13. Turnbull would have had a 5, 8 or 10 year plan to be PM. He would not have expected to be PM within a couple of years so the eradication or resignation of the senior party (his competitors) would actually be to his advatage.

  14. “They point out that although the polls put Labor’s two-party preferred vote at between 54% and 56%, Labor’s highest two-party vote ever was 53.2%. “The Coalition can win this election with 48% of the two-party vote,” one Labor insider said yesterday.

    “We virtually have to achieve a record high vote to get across the line, so we could well end up two to four seats short of a majority.”

    Sobering reading……

  15. “The Coalition can win this election with 48% of the two-party vote,” one Labor insider said yesterday.”

    Well they better hurry up since the way it has been going for Howard lately it could end up 56/44 on the day.

  16. Bishop has a very right-wing cultural agenda. She’s the latest in a string of interventionist, out-of-touch education ministers who seem either to have got their degrees in Cornflakes packets or forgotten everything they ever learnt at university. She’s not quite as bad as Nelson, but close. I think she’d be appalling as opposition leader, frankly. She’s also very bitchy and negative in her personal style. When Gillard became ALP deputy leader and started dressing more conservatively, Bishop blasted her with both barrels for wearing expensive clothes; but as one of the commentators pointed out at the time, in her whole career in parliament Bishop has never worn the same dress twice. Yukyukyuk. But of course they may not have anyone else.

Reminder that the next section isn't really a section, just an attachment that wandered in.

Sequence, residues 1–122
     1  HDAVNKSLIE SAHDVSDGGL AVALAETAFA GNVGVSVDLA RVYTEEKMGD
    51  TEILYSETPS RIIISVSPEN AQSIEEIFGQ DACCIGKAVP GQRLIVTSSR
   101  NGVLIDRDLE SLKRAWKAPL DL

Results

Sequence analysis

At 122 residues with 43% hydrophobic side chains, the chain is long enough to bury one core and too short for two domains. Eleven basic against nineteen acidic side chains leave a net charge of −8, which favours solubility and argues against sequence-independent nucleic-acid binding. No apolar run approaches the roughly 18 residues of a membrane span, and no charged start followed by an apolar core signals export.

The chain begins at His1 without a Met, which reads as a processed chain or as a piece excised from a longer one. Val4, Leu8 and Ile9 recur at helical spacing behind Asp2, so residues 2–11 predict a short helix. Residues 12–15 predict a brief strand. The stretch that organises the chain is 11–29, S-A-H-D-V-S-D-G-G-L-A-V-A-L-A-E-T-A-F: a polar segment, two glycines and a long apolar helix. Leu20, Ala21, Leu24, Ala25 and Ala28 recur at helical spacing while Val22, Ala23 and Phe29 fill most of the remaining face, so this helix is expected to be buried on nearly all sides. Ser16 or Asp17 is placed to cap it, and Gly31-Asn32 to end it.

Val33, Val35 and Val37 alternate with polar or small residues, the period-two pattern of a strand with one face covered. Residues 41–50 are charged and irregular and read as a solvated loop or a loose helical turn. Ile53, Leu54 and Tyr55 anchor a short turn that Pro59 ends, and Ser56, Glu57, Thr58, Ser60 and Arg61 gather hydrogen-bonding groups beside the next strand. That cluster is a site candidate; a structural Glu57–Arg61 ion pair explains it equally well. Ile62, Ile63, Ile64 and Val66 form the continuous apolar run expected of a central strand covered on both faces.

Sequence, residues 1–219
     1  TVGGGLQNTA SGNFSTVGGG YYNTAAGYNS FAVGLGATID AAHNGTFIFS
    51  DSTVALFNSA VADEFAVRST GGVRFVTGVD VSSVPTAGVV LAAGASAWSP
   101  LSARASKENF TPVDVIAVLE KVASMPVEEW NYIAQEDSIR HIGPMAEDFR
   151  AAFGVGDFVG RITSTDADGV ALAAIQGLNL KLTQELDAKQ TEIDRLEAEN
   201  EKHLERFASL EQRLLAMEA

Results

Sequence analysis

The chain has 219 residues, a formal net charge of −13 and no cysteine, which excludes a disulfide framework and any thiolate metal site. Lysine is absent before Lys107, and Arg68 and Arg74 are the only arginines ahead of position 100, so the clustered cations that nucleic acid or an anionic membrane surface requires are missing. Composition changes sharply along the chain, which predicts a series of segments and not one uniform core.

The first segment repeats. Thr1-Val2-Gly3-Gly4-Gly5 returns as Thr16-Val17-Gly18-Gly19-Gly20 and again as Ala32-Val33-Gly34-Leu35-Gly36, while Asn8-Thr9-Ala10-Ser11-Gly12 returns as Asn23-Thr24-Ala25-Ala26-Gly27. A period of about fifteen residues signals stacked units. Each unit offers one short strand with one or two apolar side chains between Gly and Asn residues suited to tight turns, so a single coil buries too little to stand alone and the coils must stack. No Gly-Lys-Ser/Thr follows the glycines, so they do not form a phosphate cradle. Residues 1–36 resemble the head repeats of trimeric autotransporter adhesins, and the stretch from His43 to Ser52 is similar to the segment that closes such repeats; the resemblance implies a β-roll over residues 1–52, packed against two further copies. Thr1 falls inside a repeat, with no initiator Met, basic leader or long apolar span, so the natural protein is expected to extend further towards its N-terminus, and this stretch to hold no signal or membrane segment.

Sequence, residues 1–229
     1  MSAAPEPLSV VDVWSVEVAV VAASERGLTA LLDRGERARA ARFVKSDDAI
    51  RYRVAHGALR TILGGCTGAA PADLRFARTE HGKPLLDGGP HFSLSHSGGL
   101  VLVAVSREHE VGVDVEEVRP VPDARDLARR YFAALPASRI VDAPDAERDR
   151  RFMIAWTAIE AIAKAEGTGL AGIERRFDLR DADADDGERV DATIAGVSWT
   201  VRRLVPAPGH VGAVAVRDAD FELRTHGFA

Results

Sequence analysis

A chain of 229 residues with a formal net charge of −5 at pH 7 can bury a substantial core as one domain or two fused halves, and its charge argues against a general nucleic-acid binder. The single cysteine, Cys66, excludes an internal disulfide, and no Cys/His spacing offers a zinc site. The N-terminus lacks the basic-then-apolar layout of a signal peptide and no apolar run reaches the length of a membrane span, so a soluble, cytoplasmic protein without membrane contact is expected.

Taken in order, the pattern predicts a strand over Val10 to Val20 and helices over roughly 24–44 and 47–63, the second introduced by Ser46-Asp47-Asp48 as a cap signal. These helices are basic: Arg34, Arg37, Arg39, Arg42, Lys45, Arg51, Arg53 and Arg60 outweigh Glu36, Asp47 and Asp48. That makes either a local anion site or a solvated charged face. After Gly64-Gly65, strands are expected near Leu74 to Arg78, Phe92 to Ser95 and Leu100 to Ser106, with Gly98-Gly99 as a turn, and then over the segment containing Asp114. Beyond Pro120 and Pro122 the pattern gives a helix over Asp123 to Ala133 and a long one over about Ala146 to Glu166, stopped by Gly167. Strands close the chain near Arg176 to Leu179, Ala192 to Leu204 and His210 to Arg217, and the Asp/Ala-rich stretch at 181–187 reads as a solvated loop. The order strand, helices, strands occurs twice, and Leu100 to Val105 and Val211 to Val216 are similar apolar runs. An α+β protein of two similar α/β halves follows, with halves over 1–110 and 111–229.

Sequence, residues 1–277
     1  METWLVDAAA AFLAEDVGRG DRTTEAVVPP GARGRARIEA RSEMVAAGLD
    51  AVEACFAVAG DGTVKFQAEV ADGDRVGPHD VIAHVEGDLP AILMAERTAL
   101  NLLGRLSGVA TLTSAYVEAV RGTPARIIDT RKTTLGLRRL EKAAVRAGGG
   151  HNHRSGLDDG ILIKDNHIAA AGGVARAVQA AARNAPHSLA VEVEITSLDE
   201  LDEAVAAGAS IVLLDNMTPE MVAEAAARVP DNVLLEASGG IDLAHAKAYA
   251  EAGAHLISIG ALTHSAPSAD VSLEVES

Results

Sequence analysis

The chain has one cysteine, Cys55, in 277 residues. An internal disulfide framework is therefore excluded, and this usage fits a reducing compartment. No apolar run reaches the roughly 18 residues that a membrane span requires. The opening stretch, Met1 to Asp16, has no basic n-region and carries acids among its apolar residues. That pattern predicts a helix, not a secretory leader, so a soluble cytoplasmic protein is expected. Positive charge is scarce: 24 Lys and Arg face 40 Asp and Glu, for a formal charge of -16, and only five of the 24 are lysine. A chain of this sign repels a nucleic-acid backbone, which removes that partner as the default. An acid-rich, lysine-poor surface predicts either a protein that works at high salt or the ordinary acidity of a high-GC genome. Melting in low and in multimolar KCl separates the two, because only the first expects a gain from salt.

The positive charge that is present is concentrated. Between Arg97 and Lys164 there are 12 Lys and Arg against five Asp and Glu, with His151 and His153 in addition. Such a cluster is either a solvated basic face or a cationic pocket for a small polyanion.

17. [211 – According to that Federal Election site (linked from Morgan), the ALP are leading 53/47 in Mayo. That is a swing of 16.4% to Labor :D:D:D]

    Oh Chinster. It is a bit much to ask Santa for something else … but, I wish, I wish!